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Angulo's bad business opens door for others

Negotiations for a Sergio Martinez-Paul Williams rematch for Martinez's middleweight championship are moving along again, according to Martinez promoter Lou DiBella. However, instead of taking place Oct. 2, as HBO originally intended, it will move to November if it gets done.

"It's moving in the right direction," DiBella said of the negotiations.

What's interesting are the reasons the talks re-ignited this week. One reason was because discussion of Williams challenging junior middleweight titlist Sergei Dzinziruk didn't get very far because of a wide gap in the money available for Dzinziruk, who has a monster minimum from co-promoters Gary Shaw and Artie Pelullo if he headlines on HBO's "World Championship Boxing," a price of $750,000, I am told. So forget that.

The other reason talks are progressing again for Martinez-Williams II, a rematch of last year's epic fight that Williams eked out, is because after HBO approved Martinez to face Alfredo "Perro" Angulo (when it looked like Martinez-Williams II was dead), and DiBella offered Shaw, Angulo's promoter, a package of about $1 million, Angulo turned down the fight.

Hey, it would have been a tremendous birthday present for Angulo had he taken it; he turned 28 on Wednesday.

Shaw, who has done a tremendous job with Angulo, said he offered him $750,000 of the package and was stunned that he rejected it, especially considering he'd never made more than the $350,000 he earned in his loss to Kermit Cintron in May 2009. After that loss, Shaw brought Angulo back, getting him an easy win on ESPN2 followed by three more wins in a row on HBO against the right opponents.

"Perro had everything to gain and nothing to lose," Shaw said. "I don't get it. How many fighters are making $750,000 with a shot at the middleweight championship? That's good money and a big fight."

Shaw, who said Angulo wanted $1 million for himself, had also gotten Angulo other considerations that make his decision to turn down the fight look foolish. Shaw said he got Angulo a guaranteed HBO comeback fight if he lost and a promise from the WBC that he wouldn't be dropped from his No. 1 position in the junior middleweight ratings since the Martinez fight, which would have been at a catch weight of about 157 pounds, was going to be over the 154-pound limit.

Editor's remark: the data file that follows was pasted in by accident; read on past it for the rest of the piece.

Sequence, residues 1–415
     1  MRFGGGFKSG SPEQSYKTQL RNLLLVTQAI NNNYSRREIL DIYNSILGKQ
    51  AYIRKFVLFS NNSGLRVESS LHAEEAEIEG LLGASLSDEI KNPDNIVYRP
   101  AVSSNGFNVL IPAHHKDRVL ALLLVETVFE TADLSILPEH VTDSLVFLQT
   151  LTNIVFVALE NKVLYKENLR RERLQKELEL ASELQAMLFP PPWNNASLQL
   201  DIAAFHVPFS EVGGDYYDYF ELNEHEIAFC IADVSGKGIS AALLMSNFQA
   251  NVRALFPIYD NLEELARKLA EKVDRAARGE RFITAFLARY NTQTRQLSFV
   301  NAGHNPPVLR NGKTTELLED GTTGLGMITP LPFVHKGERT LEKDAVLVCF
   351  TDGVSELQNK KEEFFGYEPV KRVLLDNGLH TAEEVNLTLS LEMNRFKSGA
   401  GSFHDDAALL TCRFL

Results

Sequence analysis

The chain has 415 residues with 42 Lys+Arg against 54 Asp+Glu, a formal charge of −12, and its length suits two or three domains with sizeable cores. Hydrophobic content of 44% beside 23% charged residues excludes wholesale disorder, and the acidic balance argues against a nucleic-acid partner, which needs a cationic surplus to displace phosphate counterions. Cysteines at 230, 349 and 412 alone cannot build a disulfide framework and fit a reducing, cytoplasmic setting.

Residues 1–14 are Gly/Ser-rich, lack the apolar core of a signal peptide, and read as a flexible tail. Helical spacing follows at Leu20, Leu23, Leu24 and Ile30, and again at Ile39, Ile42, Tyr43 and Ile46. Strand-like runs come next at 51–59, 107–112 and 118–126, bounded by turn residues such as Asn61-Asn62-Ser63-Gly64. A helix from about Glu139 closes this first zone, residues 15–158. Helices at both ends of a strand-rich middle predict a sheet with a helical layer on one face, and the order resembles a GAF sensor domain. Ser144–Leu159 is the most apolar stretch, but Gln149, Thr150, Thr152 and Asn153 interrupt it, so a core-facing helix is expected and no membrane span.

"It was a winnable fight for Perro," Shaw said. "He could have wound up as middleweight champion and all the stars were lined up for a special opportunity. But he wanted $1 million and that isn't there. Then they came back and said they'd take $900,000, but that is not there. His manager, Mike Criscio, was as disappointed as I was that he didn't take the fight.

"Hopefully, the opportunity will re-present itself. Perro wanting a million probably helps HBO and DiBella make progress on the Martinez-Williams fight."

Shaw said Angulo's rejection of the fight probably means he won't fight again for the rest of the year because the remaining HBO dates do not include him.

It also means that Perro -- the "Dog" -- needs to loosen that studded dog collar he comes into the ring wearing. I think it's cutting off the oxygen he needs to think straight.

I know I am not alone in my thought that Angulo (19-1, 16 KOs) made the wrong call to turn down the fight. He's earned himself honors at the Winky Wright School of Boxing Business and the ire of my followers on my new Twitter account.